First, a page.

I’ve also met a bunch of new friends in my second year, though none of them stands out as much as Prof Herbert Winful, the professor teaching my electro-magnetism class. First of all this dude doesn’t look at all like a typical professor, with his dreadlocks and funky dress sense he could easily pass off as a jamaican reggae star. And he was possibly the most “caring” teacher i’ve had in Michigan, in that he’s not like some other professors who’s here because of their research, he was here because he’s here to teach and he went thro great lengths to make sure we learn well. He’s the only professor whose office-hours were always overfilled with students. And mind you most of us actually don’t really have much to ask and were there just to have a chat with this great guy. Our relationship got to a great start from the first time i went to his office hour. I was carrying my guitar with me since I was gonna perform in some gig that evening. He was more interested in what i’ve got with my music than what I wanna ask about the homework. So a normal office-hour turned into a 30 min jamming session with him treating me to lunch and us talking everything on music. He was indeed a great friend and a great mentor and he had been the one who wrote some 4-5 recommendation letters for my various awards (one of them gave me a handsome US$5000!) and my graduate school application. We attended gigs together and he even organized a concert for students of our electro-magnetism class as he found out there’re many musicians in our midst. I mean, which professor will go through the length to do all that? At mid-50 he has retained his childlike curiosity/open-mindedness and humble demeanor; I think I’d model myself against him as I grow older. He’s definitely one guy i’d wanna keep in contact long after I’ve left ann arbor.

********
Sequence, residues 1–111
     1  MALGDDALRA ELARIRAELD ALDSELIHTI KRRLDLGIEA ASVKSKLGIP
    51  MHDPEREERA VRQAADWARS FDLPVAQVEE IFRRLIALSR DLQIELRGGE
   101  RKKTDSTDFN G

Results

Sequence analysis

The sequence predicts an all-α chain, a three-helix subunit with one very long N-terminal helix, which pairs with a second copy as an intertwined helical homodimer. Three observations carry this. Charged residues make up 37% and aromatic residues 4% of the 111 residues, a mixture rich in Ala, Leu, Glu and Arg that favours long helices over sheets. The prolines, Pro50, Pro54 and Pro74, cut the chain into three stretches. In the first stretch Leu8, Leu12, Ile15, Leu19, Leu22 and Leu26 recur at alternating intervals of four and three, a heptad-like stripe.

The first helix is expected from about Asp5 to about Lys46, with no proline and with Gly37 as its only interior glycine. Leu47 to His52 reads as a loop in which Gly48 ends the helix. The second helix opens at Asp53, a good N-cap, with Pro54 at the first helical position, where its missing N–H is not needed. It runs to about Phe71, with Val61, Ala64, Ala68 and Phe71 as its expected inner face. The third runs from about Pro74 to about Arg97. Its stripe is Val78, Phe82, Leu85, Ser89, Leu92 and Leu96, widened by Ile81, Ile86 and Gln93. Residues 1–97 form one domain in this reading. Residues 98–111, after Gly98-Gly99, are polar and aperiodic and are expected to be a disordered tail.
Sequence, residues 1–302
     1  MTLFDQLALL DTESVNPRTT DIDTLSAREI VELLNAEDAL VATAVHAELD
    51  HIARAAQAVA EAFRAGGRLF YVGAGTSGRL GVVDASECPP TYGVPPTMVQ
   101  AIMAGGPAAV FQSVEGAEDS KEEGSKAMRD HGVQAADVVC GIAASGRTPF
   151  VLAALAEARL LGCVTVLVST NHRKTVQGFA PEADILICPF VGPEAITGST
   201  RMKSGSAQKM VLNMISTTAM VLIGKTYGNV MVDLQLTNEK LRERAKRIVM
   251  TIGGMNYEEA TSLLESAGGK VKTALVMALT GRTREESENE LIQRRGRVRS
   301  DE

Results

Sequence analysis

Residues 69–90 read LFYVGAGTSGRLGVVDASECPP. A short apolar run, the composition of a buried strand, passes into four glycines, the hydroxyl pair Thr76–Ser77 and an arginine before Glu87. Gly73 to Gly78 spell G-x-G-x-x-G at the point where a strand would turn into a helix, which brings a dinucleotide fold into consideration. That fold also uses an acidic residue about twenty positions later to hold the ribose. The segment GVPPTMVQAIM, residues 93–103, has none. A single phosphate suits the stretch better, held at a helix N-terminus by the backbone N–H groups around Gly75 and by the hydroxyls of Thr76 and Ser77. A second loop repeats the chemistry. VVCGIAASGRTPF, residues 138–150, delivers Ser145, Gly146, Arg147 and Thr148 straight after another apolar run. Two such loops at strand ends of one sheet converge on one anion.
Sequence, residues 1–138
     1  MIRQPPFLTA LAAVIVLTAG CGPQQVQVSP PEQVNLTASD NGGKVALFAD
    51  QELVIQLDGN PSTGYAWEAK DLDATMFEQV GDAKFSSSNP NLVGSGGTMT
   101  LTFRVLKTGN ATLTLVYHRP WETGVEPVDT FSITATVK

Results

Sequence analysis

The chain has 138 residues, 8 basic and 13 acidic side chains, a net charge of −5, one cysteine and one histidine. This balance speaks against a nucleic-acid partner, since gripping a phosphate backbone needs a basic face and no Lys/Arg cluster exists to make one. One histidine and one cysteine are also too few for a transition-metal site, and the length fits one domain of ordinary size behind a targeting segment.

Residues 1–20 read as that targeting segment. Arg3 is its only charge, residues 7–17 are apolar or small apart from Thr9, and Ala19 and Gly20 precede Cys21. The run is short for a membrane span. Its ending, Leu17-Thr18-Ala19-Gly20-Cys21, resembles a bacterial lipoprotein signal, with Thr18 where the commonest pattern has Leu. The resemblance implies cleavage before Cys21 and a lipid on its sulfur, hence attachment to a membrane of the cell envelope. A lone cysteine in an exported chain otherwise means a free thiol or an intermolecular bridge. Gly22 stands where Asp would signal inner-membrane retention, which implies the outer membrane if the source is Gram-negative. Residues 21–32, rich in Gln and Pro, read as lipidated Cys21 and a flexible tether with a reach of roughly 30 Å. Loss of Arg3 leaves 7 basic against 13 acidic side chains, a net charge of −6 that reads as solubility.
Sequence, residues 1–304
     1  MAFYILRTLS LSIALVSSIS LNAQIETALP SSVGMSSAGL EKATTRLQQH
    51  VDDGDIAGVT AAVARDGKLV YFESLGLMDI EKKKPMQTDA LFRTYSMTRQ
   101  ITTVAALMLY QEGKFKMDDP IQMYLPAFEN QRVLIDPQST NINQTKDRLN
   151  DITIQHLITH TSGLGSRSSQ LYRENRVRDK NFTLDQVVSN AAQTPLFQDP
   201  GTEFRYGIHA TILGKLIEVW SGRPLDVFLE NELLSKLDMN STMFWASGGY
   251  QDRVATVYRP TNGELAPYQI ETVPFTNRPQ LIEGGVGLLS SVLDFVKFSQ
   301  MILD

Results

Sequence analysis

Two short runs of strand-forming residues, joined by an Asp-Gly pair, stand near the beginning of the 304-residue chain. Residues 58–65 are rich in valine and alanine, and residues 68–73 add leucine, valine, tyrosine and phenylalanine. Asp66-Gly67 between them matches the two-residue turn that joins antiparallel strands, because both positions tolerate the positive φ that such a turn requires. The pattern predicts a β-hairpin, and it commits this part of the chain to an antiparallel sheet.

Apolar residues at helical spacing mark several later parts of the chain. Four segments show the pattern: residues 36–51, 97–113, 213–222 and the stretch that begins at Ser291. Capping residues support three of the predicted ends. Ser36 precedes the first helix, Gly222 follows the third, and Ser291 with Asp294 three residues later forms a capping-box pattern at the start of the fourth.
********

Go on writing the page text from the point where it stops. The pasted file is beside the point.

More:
On the 1st day of arrival in my dorm room, i wrote on a piece of paper these following words;
"1. Learn about the american culture
2. Learn to be independent
3. Learn to be disciplined
4. Learn to be open-minded
5. Live life to the max"
this piece of paper has been in front of my desk for all 3 yrs in michigan. thou i hardly really notice it, i'm always recharged when i happen to glance thro it as it reminded me why i'm here.
Roommate from Kansas: